Technical Paper

Transmission Mount Assembly Modelling for Load Simulation and Analysis

2007-04-16
2007-01-1348
Transmission mounts are usually tested as an assembly and typically only translational stiffnesses are provided. The torsional stiffness of the assembly is traditionally estimated based on experience in load simulation and analysis. This paper presents a procedure to estimate the torsional stiffness of the transmission mount assembly by using the test data. The effects of the torsional stiffness on the simulation results are also discussed.
Technical Paper

Validation of Vehicle NVH Performance using Experimental Modal Testing and In-Vehicle Dynamic Measurements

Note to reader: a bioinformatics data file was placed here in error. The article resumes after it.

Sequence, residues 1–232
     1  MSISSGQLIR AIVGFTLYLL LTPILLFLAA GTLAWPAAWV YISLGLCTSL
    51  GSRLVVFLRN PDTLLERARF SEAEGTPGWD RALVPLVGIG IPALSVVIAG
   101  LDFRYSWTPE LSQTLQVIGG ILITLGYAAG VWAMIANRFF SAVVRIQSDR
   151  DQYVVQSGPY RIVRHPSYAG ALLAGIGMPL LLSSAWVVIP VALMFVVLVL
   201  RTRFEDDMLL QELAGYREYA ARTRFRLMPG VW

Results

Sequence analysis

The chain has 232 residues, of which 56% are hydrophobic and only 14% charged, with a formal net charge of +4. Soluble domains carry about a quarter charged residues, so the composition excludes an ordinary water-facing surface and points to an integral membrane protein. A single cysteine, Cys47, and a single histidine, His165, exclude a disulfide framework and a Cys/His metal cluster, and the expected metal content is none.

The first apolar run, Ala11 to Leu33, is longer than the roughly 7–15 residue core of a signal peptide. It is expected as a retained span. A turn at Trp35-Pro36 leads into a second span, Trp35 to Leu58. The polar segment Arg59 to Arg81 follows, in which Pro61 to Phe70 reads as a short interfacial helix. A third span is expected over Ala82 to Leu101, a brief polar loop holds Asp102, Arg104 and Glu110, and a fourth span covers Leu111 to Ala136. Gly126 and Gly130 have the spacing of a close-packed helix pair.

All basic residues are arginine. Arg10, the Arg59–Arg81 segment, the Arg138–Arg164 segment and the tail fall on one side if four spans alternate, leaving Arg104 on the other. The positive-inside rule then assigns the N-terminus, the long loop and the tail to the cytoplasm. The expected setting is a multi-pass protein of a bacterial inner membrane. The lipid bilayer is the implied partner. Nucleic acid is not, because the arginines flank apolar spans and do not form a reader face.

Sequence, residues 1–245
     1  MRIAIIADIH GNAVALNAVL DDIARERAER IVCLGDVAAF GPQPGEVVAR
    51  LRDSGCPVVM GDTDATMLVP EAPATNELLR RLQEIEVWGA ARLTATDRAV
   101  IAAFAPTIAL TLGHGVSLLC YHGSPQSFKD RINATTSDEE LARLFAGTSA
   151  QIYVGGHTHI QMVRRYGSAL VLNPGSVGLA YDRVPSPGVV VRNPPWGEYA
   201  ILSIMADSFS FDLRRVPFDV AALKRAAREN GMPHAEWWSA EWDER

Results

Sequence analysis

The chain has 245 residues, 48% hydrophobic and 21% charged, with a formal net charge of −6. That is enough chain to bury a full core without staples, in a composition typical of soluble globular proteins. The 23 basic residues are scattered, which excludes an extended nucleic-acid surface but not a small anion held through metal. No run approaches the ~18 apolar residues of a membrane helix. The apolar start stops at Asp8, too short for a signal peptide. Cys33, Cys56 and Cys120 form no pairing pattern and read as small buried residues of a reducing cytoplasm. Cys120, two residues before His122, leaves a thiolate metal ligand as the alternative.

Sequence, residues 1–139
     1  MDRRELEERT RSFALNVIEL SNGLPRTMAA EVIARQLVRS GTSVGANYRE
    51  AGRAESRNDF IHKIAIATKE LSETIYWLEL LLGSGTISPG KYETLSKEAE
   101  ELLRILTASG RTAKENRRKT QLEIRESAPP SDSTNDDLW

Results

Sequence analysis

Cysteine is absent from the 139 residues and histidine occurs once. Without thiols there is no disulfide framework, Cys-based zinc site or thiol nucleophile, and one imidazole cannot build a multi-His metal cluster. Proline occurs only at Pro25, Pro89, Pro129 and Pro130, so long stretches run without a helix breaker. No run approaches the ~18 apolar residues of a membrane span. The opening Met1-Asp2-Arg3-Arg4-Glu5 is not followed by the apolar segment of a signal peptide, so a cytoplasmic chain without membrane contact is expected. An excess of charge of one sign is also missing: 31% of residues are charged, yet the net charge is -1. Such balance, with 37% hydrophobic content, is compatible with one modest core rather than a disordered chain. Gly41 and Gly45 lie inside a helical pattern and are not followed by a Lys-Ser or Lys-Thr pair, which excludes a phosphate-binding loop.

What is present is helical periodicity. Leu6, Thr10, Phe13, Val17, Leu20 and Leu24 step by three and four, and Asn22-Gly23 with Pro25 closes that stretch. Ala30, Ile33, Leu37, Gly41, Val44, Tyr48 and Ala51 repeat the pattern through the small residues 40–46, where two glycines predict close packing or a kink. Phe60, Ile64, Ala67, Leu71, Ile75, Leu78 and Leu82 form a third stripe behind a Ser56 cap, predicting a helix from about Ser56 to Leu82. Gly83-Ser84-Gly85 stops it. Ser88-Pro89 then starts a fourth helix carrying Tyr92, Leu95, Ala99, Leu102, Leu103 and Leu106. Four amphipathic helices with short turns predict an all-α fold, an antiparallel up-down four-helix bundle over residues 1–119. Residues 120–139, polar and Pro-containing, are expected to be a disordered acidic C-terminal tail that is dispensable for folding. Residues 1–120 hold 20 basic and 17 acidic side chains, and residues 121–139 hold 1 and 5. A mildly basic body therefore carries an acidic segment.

2007-05-15
2007-01-2320
NVH targets for future vehicles are often defined by utilizing a competitive benchmarking vehicle in conjunction with an existing production and/or reference vehicle. Mode management of full vehicle modes is one of the most effective and significant NVH strategies to achieve such targets. NVH dynamic characteristics of a full vehicle can be assessed and quantified through experimental modal testing for determination of global body mode resonance frequency, damping property, and mode shape. Major body modes identified from full vehicle modal testing are primarily dominated by the vehicle's body-in-white structure. Therefore, an estimate of BIW modes from full vehicle modes becomes essential, when only full vehicle modes from experimental modal testing exist. Establishing BIW targets for future vehicles confines the fundamental NVH behavior of the full vehicle.